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Donegal Castle (Irish: Caisleán Dhún na nGall) is a castle situated in the centre of Donegal Town in County Donegal in Ulster, Ireland. For most of the last two centuries, the majority of the buildings lay in ruins but the castle was almost fully restored in the early 1990s.
The castle consists of a 15th-century rectangular keep with a later Jacobean style wing. The complex is sited on a bend in the River Eske, near the mouth of Donegal Bay, and is surrounded by a 17th-century boundary wall. There is a small gatehouse at its entrance mirroring the design of the keep. Most of the stonework was constructed from locally sourced limestone with some sandstone. The castle was the stronghold of the O'Donnell clan, Lords of Tír Conaill and one of the most powerful Gaelic families in Ireland from the 5th to the 16th centuries.
Donegal (Irish: Dún na nGall), translates as Fort of the Foreigner possibly coming from a Viking fortress in the area destroyed in 1159. However, due to hundreds of years of development, no archaeological evidence of this early fortress has been found. Red Hugh O'Donnell (Red Hugh I), wealthy chief of the O’Donnell clan, built the castle in 1474. At the same time, he and his wife Nuala built a Franciscan monastery further down the river. A local legend tells of a tunnel connecting the two but no evidence for this has been found. The castle was regarded as one of the finest Gaelic castles in Ireland. This was indicated by a report by the visiting English Viceroy, the Lord Deputy of Ireland, Sir Henry Sidney, in 1566, in a letter to William Cecil (created The 1st Baron Burghley in 1571), the Lord High Treasurer, describing it as "the largest and strongest fortress in all Ireland", adding:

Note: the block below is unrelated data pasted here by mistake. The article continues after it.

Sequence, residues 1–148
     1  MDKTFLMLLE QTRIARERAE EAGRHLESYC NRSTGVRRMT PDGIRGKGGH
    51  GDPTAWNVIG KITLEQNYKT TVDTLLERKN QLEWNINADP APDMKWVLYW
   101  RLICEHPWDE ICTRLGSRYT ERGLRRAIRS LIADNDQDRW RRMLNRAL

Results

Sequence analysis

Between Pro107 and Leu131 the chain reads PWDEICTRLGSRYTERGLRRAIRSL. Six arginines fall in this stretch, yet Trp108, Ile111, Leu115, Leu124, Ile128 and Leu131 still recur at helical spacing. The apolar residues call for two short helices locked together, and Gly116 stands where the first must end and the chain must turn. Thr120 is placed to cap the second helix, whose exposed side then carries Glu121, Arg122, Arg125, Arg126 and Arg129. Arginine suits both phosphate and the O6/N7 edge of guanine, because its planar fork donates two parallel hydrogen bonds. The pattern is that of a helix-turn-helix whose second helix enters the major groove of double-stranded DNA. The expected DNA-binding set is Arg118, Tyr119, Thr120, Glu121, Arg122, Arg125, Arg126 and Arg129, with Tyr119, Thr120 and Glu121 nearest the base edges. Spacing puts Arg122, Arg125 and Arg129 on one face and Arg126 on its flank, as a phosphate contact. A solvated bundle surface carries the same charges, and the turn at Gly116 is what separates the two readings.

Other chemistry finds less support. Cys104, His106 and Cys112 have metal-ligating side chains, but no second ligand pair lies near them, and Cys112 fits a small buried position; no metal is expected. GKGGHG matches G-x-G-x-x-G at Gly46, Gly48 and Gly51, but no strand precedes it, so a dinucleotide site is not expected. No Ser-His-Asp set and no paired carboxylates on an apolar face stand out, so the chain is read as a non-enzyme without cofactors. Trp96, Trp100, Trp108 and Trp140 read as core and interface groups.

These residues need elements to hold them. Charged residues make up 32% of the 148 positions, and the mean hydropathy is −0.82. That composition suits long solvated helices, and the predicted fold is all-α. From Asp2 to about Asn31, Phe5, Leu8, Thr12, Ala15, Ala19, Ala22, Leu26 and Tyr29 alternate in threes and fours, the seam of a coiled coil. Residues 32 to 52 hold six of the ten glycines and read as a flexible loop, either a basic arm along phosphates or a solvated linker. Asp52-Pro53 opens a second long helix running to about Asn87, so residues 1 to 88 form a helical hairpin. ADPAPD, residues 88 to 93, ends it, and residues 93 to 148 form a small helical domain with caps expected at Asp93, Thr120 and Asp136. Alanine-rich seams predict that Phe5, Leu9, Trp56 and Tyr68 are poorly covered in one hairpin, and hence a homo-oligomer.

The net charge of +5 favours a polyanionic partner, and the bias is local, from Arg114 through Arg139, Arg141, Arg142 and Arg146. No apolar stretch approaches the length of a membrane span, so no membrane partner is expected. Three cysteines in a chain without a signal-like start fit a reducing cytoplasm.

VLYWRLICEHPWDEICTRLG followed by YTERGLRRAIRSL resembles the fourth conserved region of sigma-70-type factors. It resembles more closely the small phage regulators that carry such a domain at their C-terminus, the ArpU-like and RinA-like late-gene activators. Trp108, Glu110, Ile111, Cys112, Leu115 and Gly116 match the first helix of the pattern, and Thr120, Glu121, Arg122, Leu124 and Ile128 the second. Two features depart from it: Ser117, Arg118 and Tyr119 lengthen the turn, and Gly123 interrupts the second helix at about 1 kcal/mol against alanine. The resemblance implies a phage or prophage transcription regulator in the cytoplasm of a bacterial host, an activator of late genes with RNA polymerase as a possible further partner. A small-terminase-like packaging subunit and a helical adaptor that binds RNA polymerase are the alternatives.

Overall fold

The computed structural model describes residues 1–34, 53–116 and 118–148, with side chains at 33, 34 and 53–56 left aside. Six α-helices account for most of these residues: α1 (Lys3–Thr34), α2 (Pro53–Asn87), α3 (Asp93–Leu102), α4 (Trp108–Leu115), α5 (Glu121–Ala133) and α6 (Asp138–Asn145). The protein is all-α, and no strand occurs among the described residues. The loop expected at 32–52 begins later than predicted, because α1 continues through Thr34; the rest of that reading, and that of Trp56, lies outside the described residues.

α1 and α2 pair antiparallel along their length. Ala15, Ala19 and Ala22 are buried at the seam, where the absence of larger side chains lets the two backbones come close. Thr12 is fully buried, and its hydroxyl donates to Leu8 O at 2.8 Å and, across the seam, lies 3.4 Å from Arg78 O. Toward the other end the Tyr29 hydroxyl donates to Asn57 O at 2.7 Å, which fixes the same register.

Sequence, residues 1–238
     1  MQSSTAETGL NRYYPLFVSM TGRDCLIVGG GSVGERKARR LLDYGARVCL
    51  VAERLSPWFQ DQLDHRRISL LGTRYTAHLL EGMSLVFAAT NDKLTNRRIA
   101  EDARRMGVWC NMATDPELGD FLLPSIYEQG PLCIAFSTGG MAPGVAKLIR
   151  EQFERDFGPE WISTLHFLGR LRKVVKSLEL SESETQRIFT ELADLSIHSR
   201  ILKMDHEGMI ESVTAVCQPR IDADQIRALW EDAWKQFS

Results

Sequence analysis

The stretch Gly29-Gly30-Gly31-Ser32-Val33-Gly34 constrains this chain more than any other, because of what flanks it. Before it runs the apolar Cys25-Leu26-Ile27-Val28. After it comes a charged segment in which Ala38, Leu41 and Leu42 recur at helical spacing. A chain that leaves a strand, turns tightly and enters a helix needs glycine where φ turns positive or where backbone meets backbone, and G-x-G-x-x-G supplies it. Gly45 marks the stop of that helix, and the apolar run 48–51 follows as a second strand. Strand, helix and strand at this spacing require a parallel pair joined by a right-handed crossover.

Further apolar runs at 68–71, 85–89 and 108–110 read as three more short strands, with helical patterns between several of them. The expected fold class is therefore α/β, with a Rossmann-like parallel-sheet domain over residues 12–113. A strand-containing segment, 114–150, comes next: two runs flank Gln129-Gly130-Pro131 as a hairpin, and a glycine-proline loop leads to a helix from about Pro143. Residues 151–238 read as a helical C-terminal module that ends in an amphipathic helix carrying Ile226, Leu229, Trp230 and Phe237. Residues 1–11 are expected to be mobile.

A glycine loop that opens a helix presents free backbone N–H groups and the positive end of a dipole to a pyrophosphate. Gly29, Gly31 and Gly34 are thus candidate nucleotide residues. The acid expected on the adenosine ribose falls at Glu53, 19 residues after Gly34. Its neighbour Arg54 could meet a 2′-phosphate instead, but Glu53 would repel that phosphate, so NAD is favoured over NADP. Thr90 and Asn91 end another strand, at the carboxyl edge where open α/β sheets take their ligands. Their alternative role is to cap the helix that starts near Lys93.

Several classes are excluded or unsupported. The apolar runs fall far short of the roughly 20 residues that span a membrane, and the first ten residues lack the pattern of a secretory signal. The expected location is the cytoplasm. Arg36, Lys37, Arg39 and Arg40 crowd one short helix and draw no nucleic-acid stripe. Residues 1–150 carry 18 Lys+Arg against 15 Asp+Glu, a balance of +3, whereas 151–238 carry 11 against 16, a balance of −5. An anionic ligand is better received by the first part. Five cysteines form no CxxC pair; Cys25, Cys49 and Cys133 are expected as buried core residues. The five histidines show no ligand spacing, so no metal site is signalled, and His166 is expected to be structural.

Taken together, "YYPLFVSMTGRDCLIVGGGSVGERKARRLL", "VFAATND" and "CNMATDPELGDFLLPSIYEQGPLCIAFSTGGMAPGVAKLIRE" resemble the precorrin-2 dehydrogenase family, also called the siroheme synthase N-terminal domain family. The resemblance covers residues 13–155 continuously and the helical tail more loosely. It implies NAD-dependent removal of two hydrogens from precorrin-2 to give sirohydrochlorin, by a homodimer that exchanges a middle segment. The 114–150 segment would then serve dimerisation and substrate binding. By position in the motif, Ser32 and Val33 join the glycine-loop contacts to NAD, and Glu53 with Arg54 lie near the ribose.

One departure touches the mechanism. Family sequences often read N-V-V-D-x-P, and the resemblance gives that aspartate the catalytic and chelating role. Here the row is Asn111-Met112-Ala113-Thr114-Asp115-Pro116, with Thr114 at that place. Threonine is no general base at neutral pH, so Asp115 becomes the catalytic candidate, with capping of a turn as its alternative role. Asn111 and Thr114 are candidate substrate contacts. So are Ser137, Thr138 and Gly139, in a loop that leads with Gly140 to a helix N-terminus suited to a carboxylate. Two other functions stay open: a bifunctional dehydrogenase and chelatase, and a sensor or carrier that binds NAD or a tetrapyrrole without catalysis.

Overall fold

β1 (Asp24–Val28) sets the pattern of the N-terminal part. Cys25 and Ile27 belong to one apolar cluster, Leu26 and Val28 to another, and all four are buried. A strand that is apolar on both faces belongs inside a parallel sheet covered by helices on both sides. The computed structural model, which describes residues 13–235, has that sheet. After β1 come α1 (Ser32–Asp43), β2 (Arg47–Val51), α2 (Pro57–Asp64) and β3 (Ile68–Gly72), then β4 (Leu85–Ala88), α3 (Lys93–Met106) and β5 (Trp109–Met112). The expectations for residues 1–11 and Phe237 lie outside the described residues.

"it is the greatest I ever saw in an Irishman's hands: and would appear to be in good keeping; one of the fairest situated in good soil and so nigh a portable water a boat of ten tonnes could come within ten yards of it"
In 1607, after the Nine Years' War the leaders of the O'Donnell clan left Ireland in the Flight of the Earls. In 1611, during the Plantation of Ulster, the castle and its lands were granted to an English Captain, Basil Brooke. The tower house was severely damaged by the departing O'Donnells to prevent the castle from being used against the Gaelic clans but was quickly restored by its new owners. Brooke also added windows, a gable and a large manor-house wing to the keep, all in the Jacobean style.
The Brooke family owned the castle up until the 1670s when they moved to near Lisnaskea in County Fermanagh. At that time, in the 1670s, the Brookes sold the castle to the Gore dynasty, who later became Earls of Arran in the Peerage of Ireland. The castle fell into a ruinous state under the Gores in the early 18th century. In 1898, the then owner, The 5th Earl of Arran, vested the castle in the care of The Office of Public Works.
In the early 1990s, the castle was partially restored by The Office of Public Works (The O.P.W.). The towerhouse has had new roofing and flooring added, in keeping with the original styles and techniques used in the 15th and 17th centuries. The stonework has been restored and the manor wing has been partially roofed. Some of the oak timbers used came from the Colebrooke Estate, just outside Brookeborough in County Fermanagh. Parts of the exterior of the tower house have been harled. The castle is now open to the public and often hosts events such as Gaelic cultural evenings or Ulster Scots events.
- Calendar of State Papers for Ireland, 1566
- Donegal Castle on the Heritage Ireland website